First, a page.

“None of the meetings that were held obtained from Franco anything other than unconditional surrender, without receiving in return sufficient guarantees that his famous concessions would be fulfilled,” added Sanchez Crespo. Paul Preston gave his opinion in his book ‘The End of the War. The last stab at the Republic ‘(Debate, 2014) that, “in his dealings with Franco, Casado behaved as if he had nothing to negotiate with. He seemed to forget the fact that Franco was obsessed with Madrid, the very symbol of the resistance, where he had failed in 1936, and the following year at Jarama and Brunete ». In the second meeting, in fact, the person in charge of the aerodrome urged Corrochano to start the engines at 5:00 p.m., by order of Franco, to take off immediately. Apparently, he had gotten tired of negotiating.

The Defense Council understood the situation and accepted the surrender, ordering the civil governors to prepare the evacuation. Four days later, Franco ordered a general offensive on all fronts. He had concluded the negotiations and his troops were advancing through Extremadura without encountering any resistance. They quickly occupied Almadén (Ciudad Real) and other towns in Toledo, until ending the last resistance in the province of Alicante, on whose docks a desperate attempt to escape by more than 150,000 supporters of the Republic had taken place.

Of the members of the Defense Council, only Besteiro remained in his office, where he was arrested and died on September 27, 1940, in the Carmona prison, Seville. Colonel Casado, along with a dozen members of his Government, had traveled to Valencia four days earlier, in a plane also piloted by Corrochano at the time when the enemy was about to arrive in Madrid. In a last attempt to save the prestige of his “betrayal”, the last Republican president issued a message from Radio Valencia in which he affirmed that “the good faith of the victors cannot be doubted. We have obtained a decent and honorable peace, in the best possible conditions, without bloodshed Miaja’s escape.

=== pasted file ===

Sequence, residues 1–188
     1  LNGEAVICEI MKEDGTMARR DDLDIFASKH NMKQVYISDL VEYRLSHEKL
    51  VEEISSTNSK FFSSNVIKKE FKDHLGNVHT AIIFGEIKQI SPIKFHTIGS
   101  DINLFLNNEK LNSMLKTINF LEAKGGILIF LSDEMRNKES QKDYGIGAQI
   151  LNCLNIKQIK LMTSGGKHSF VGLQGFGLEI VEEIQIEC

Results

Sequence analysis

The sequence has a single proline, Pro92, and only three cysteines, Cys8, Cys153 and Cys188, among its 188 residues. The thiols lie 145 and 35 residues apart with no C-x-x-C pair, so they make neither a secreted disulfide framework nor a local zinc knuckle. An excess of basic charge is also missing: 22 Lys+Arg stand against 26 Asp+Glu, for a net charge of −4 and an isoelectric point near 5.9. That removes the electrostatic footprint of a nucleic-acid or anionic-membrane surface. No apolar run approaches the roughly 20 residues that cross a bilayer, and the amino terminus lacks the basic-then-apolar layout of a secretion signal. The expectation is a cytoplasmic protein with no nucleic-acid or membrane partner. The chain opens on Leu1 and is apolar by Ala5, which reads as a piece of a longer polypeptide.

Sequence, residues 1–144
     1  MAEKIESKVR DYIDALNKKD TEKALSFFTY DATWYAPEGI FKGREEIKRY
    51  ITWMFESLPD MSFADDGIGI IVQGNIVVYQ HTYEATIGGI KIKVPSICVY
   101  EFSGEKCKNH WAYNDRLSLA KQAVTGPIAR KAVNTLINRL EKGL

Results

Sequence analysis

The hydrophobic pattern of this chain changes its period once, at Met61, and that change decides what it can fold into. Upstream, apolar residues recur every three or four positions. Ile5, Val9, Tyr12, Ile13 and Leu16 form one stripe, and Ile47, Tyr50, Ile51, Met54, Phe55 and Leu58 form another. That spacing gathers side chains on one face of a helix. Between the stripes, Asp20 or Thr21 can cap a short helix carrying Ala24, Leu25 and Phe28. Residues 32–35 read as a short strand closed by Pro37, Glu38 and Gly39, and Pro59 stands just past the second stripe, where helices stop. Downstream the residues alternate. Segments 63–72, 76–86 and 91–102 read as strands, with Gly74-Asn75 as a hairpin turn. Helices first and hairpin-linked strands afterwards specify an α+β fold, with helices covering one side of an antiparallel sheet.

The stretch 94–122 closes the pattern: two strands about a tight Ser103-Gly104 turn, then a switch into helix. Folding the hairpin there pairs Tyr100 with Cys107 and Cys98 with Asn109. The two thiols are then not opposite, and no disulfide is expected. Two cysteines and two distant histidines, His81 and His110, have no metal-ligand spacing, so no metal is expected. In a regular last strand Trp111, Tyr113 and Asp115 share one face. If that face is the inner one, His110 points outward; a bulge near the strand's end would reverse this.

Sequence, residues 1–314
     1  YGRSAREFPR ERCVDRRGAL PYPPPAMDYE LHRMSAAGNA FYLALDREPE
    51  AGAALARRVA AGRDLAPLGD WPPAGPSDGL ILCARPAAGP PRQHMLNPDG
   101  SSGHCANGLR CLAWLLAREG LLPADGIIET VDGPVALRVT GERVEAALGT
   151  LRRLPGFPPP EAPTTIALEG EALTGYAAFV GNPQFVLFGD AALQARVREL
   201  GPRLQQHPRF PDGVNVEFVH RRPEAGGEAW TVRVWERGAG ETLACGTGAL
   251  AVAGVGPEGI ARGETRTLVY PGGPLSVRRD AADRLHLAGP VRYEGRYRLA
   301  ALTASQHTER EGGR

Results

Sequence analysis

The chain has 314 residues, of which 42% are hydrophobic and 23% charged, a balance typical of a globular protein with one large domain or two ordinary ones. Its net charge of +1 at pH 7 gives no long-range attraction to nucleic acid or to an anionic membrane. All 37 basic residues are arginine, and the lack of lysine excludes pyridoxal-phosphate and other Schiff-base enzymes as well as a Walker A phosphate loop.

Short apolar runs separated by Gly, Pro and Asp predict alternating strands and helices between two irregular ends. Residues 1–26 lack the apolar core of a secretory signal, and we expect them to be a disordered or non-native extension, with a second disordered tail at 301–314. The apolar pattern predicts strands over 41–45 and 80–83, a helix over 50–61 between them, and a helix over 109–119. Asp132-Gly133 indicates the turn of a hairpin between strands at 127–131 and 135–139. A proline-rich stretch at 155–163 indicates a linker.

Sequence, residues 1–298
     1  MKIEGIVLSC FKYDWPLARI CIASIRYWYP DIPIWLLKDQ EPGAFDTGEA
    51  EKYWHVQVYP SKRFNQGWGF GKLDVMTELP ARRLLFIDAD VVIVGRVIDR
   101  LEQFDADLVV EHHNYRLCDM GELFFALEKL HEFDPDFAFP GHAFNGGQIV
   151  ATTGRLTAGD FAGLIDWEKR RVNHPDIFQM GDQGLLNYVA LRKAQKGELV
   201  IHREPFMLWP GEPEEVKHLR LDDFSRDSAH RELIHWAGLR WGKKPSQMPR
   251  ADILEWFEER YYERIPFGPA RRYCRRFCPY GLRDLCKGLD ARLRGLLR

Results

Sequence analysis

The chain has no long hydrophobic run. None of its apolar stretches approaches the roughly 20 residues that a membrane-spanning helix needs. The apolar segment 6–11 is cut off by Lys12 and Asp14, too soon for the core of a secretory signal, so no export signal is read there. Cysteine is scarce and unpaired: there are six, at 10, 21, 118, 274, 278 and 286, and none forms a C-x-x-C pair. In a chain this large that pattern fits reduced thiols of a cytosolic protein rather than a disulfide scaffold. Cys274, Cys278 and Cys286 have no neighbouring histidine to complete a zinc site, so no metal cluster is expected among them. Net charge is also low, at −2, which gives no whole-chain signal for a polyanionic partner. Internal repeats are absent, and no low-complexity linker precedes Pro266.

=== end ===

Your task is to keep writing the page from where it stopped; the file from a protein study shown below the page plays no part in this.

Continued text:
From the port of Gandia, Casado fled on a British ship to Marseille. He then left for Great Britain, where he was exiled without being able to reunite with his family until 1951. That same year he left for Venezuela and, a year later, for Colombia, to return to Spain in 1961. Here he was tried and acquitted. But for his part, Captain Corrochano chose to stay in Valencia until the morning of March 28, 1939, just the day the first Francoist troops entered the capital. Our protagonist once again took the controls of a plane, the Airspeed Envoy, in his last secret operation, to transfer Miaja, the hero of the defense of Madrid and one of Franco’s most hated characters, into exile as soon as possible, with the aim of to save his life.

The destination was Oran (Algeria). Miaja’s nephew related in his memoirs that, at 9 am, Corrochano was already in Rabasa, “very nervous”, waiting for the general and his entourage. It was finally the last to take off as a result of the delay of its passengers. From that moment, the pilot has lost track of him, although the website ‘Madrid en Guerra’ assures that the pilot’s direct descendants think that he surrendered to the Francoist authorities in 1940 and that he spent six years in different prisons until he was put in freedom in 1946. He died in Salamanca in 1975.